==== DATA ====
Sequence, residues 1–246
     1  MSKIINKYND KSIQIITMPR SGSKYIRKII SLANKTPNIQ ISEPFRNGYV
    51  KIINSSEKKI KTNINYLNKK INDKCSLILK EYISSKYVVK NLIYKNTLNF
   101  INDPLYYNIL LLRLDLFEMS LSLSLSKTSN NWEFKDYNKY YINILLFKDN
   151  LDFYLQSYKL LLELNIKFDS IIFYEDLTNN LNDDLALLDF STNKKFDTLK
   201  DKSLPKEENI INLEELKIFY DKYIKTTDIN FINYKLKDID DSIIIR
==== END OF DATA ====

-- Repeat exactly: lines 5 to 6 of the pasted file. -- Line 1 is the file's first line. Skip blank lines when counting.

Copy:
   151  LDFYLQSYKL LLELNIKFDS IIFYEDLTNN LNDDLALLDF STNKKFDTLK
   201  DKSLPKEENI INLEELKIFY DKYIKTTDIN FINYKLKDID DSIIIR